The presidential transition has gone from cordial to bumpy

President Obama is looking to preserve his legacy in any way possible

(AP Photo/Pablo Martinez Monsivais)
(AP Photo/Pablo Martinez Monsivais)

(CNN) – It has not exactly been the smooth and peaceful transition to a new president in these last few weeks. From a cordial White House meeting days after the election, there have been bumps in the road between outgoing President Obama and his successor.

President Obama, with only days remaining in office, is looking to preserve his legacy in any way possible. He has been taking to Twitter while on vacation and out of sight to defend his work on job creation, health care, and energy.

This week he’ll head to Capitol Hill to meet with democrats, trying to protect at least parts of Obamacare. At virtually the same time, Vice President-elect Mike Pence will be meeting with republicans about repealing it.

It was only weeks ago, that first face to face meeting, the show of goodwill. It didn’t take long for the winds of politics, carrying plenty of thorns, to blow straight from the campaign trail into this transition.

Just in the last few days, President Obama said he thinks he would have beaten Donald Trump in the election. Trump responded by tweet, saying, “He thinks he would have won against me. He should say that but I say no way.”

Another one of Trump’s tweets said, “Doing my best to disregard the many inflammatory president o statements and roadblocks. Thought it was going to be a smooth transition. Not!”

We’ve heard from the First Lady, who said, “We’re feeling what not having hope feels like.”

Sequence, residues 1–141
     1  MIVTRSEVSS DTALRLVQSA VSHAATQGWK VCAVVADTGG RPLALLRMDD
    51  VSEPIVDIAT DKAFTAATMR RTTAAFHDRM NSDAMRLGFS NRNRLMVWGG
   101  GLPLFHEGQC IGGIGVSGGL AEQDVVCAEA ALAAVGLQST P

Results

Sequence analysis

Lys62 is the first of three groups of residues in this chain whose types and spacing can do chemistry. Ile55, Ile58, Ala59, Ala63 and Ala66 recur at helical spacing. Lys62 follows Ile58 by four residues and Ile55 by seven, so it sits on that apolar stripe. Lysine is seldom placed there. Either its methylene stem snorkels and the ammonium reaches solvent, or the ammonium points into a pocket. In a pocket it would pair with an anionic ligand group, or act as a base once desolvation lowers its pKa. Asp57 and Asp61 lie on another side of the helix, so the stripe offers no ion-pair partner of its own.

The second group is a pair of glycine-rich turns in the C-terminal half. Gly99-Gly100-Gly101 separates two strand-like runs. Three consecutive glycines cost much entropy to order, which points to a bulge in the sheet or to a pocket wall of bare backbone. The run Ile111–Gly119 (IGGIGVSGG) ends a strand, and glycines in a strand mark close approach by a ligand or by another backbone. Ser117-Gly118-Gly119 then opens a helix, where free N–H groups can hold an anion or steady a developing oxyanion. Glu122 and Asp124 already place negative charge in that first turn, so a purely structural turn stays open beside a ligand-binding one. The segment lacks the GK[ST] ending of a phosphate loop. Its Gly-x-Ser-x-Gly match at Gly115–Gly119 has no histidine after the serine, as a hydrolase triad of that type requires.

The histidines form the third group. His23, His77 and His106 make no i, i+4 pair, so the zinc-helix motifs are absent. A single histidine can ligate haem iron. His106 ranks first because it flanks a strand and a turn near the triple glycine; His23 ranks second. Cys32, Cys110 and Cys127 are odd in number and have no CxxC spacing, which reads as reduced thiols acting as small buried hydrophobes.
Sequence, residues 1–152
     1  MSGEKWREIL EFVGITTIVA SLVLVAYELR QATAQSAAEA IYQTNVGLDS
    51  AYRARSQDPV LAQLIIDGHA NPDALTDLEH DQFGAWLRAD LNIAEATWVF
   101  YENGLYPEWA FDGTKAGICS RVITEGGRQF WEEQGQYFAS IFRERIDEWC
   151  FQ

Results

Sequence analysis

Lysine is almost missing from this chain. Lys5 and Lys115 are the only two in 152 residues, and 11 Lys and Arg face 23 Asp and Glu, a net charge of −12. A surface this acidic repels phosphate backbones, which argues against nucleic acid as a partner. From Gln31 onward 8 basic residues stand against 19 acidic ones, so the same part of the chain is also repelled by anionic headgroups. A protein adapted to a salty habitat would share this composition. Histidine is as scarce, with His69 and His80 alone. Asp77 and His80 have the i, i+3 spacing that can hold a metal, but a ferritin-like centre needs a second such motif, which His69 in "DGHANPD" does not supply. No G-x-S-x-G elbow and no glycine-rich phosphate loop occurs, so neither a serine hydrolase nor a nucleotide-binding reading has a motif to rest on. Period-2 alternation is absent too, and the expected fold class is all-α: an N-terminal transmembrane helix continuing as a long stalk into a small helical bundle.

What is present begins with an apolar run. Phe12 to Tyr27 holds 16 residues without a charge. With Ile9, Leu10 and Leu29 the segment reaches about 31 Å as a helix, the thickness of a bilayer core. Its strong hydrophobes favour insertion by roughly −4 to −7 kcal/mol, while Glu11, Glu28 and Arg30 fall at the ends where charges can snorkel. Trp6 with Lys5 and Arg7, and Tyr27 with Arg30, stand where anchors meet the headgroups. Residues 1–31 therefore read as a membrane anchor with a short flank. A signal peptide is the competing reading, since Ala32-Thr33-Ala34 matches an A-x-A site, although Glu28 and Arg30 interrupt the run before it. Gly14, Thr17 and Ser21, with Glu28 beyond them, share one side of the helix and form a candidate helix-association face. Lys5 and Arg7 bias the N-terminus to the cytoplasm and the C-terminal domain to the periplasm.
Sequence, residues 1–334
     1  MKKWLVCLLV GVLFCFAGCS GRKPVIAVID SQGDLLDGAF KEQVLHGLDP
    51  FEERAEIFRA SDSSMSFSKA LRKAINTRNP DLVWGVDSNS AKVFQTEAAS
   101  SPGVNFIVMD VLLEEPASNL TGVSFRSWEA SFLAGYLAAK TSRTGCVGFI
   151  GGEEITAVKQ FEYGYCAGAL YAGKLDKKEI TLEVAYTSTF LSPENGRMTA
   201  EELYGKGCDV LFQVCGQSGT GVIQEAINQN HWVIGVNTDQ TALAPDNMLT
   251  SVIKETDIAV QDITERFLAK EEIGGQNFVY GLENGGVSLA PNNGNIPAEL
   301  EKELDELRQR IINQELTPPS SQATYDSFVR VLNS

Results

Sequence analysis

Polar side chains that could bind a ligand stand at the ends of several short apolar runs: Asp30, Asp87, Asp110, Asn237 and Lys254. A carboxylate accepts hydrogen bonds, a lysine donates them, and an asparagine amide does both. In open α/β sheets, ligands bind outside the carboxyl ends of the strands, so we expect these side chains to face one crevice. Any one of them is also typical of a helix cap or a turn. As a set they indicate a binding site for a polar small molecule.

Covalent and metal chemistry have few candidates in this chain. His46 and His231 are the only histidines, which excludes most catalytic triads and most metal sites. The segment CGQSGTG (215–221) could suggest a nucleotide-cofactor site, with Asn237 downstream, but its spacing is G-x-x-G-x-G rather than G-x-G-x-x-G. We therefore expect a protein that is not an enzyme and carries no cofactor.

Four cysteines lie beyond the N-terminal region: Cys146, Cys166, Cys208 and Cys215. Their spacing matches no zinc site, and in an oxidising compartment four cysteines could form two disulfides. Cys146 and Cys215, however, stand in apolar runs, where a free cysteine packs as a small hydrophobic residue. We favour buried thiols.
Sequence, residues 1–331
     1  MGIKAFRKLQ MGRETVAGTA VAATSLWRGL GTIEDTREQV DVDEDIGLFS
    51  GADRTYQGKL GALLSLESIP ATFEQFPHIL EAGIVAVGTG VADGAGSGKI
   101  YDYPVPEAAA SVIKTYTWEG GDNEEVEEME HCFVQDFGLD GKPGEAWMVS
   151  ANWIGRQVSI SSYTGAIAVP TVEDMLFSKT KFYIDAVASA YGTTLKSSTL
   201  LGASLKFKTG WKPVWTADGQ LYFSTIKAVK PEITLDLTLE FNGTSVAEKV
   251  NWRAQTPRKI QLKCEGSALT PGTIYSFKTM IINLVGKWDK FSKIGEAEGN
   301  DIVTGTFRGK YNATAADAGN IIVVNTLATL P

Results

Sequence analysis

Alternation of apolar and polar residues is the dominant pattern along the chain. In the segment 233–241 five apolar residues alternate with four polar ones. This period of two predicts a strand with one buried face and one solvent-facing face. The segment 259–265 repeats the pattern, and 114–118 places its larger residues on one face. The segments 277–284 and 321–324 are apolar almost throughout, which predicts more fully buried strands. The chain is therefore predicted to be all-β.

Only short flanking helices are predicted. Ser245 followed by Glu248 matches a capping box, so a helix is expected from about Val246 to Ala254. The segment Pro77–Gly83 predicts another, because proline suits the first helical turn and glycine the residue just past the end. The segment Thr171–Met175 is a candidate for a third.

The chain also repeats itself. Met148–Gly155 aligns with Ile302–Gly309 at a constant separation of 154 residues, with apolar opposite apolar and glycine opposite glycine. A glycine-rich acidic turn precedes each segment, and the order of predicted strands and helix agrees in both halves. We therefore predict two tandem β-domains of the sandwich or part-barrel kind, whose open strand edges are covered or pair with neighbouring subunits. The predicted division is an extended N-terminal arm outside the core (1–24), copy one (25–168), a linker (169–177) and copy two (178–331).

We’ve seen top democrats blast the head of the FBI over the Clinton email investigation.

The Obama administration, standing by its expressions of deep concern and belief that Donald Trump is unqualified, has been hitting his campaign picks. They have also been excoriating the Trump team for denials and doubts that Russia hacked democratic websites, trying to influence the election.

White House Press Secretary Josh Earnest said, “The Republican nominee for President was encouraging Russia to hack his opponent because he believed that that would help his campaign.”

Still, despite these very public clashes, Trump speaks of a “good relationship” with the outgoing president, whose legacy is already under fierce attack.

The two spoke again by phone Friday.

Trump noted, “I’m getting along very well with him, other than a couple of statements and I responded to. And we talked about it. And smiled about it.”

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